Some farmers say the U.S. should agree to sell Mexico non-genetically modified (GM) corn rather than deepen a trade dispute over the biotech corn ban.
Mexico is the largest buyer of U.S. corn and the proposed restrictions threaten to disrupt some of the nearly $5 billion of corn the U.S. ships to Mexico annually, or 95% of Mexico's total corn imports.
- In February, Mexico discarded a deadline to ban genetically modified (GM) corn for animal feed and industrial use amid trade tensions with the U.S.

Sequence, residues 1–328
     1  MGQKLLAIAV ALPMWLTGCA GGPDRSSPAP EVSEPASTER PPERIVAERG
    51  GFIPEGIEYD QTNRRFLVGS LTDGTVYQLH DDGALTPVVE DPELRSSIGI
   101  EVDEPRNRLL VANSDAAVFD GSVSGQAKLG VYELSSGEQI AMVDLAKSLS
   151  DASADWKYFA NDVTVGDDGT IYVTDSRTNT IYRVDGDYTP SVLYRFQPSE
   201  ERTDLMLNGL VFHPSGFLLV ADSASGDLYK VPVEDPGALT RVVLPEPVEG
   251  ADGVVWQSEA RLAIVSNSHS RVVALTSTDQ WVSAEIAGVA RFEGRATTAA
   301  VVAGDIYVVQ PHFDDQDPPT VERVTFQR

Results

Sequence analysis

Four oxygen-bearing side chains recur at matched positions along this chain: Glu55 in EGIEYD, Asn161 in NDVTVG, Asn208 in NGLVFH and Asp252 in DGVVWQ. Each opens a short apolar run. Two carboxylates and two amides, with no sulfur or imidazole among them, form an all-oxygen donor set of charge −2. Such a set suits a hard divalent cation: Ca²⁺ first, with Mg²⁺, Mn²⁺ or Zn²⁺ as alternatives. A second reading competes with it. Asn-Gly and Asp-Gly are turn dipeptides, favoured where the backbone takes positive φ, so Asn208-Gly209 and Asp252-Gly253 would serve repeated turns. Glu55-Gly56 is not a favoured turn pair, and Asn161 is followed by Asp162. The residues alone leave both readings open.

- In March, the U.S. said restrictions would violate the U.S.-Mexico-Canada Agreement (USMCA) and requested trade consultations with Mexico.
According to a report at Reuters, Agriculture Secretary Tom Vilsack said on March 30 that he expects the administration will "ultimately compel" Mexico to reverse its policy. The restrictions are not supported by science and fail to adhere to a rules-based trading relationship, he said.
But some producers say the U.S. should take a step back, noting they could earn a premium for growing more conventional corn.
Though there is no hard data on U.S. farmers' opinions, Reuters spoke to about 10 growers and grain traders who said the U.S. should not require Mexico to continue importing GM corn.
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